Debating peat use stirs strong emotions which have rationality beating a hasty retreat. Attempts to persuade gardeners to switch to peat-free composts, which by definition avoid direct harm to the natural world, get short shrift. Success with peat-free growing, or examples of nursery owners who make a healthy living without peat, are batted away. Environmental appeals fall flat. “Peat bogs are boring anyway,” is a hollow riposte I often hear, as is, “Using a bit of peat to grow flowers for bees helps the environment.” When cornered, those defending peat use often invoke a favourite gibe: rabidly green ‘environmental campaigners’ are out to strip bullied gardeners of their ‘rights’. Gardening by this set of values says that success must come whatever the cost.

Despite the availability of quality peat-free composts (these tomatoes are growing in Carbon Gold All Purpose Biochar Compost) many gardeners still choose peat-based composts which damage the natural world.

One of the main motivations for going peat-free is concern for the natural world. It preserves peatland habitats, keeps carbon locked away, and creates a use for organic material that might otherwise be landfilled. We go peat-free because we’re thinking not only of what’s going on in our own plot, but of the impact we’re having beyond it. We forgo peat because, given the facts, and a perfectly viable alternative, it’s the right thing to do. These values don’t demand that gardening succeeds at any price.

How do our values play out elsewhere in the garden? I’ve noticed a connection between gardeners who defend peat use to the hilt, and other less planet-friendly gardening practices. These folk will also fight the corner for insecticides, fungicides and chemical weedkillers. If you question the need for pesticides, wonder what effect they’re having on the natural world, and offer more earth-friendly options, you risk being branded an eco-nutter hell-bent on snatching away other people’s inalienable rights.

The begging question, if we view gardening through a value-tinted lens, is just what shapes our ‘gardening identity’? Doubtless our upbringing and education play a huge part, but I think there’s something else in play, too.

Gardeners are served by an industry which – bar a few notable exceptions – is obsessed by profit and fawns on celebrity. The clarion call of the gardening industry is to constantly expand, to build customer loyalty, to use social media to boost footfall, to make garden centres ever-bigger, better and glitzier ‘destinations’, to reach out to new customers, to create new ‘phenomena’ and markets, to maximise technology, to keep ‘adding value’. Gardening publications are drenched in advertisements influencing us to buy this or that; TV adverts sell quick, easy fixes to gardening ‘problems’. Some implore us to love our garden by buying products that will kill anything getting in the way of a perfect plot.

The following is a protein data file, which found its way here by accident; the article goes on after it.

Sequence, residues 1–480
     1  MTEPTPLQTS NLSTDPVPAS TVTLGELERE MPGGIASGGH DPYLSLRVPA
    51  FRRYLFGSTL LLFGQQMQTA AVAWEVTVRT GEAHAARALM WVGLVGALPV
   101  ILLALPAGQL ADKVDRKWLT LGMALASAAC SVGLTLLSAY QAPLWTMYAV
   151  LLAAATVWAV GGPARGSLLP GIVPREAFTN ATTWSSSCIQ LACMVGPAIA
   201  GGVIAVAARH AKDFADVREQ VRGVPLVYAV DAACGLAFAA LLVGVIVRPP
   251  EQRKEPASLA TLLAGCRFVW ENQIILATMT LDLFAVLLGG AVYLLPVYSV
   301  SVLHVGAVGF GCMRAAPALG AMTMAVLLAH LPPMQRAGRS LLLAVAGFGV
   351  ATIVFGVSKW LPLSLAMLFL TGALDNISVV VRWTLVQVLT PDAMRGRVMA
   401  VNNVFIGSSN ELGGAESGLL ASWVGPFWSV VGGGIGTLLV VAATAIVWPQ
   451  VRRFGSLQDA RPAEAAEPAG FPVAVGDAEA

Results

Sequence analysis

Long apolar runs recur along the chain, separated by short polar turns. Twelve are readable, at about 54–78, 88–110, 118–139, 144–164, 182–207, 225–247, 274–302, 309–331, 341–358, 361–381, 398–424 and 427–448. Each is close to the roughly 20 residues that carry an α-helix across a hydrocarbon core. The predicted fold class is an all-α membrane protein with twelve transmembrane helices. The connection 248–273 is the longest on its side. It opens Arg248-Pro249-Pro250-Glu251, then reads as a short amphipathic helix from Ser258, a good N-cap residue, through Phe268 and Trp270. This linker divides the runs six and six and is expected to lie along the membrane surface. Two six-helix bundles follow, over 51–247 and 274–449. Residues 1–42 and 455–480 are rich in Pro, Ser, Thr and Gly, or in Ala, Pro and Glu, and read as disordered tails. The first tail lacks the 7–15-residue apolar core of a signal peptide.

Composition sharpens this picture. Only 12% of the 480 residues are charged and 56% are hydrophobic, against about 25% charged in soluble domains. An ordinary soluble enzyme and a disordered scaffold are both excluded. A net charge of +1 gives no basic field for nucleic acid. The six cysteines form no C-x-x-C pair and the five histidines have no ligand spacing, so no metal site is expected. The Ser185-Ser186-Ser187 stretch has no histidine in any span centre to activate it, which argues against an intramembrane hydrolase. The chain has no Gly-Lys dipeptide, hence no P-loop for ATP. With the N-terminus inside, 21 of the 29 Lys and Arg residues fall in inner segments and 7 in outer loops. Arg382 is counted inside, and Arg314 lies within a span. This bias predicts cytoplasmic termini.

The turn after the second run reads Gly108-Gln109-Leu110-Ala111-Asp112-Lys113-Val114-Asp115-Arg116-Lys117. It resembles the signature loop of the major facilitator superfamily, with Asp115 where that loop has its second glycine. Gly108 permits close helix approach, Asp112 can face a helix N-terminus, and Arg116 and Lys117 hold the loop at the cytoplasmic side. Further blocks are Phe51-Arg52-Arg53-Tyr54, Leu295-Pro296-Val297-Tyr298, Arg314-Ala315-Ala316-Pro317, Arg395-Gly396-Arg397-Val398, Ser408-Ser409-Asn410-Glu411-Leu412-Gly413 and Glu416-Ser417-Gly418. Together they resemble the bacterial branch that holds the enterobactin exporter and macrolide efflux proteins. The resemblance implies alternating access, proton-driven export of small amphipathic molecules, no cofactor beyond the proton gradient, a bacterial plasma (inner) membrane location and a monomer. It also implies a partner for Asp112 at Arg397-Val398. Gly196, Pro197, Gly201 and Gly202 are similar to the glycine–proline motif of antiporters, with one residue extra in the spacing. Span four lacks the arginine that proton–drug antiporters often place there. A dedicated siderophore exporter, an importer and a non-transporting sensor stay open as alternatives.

When it comes to the natural world, our gardening industry is tepid at best. It has staunchly defended peat use while undermining the alternatives. More recently, lobbyists such as the Horticultural Trades Association have ignored mounting scientific evidence about the effects on bees of neonicotinoid-containing bug-killers, advising garden retailers to keep on selling them. Gardening must succeed at any cost, even if the natural world suffers collateral damage. The gardening industry, running high on self-interest, has suppressed gardening’s true values.

I’ve always felt that a love of gardening goes hand in hand with a love of the natural world, that working the soil, sowing, planting and harvesting, is a true expression of environmental concern. Gardening’s core, surely, is about adding life to the world, about sharing a common interest, about making our surroundings richer, more colourful and more abundant, for others as well as ourselves.

Gardening’s true values haven’t gone away, but because they’re hard to package and even harder to sell, they’ve got buried along the way. Rediscovering them is easy, and they could help you realise what you truly value in the world.

Text and images © John Walker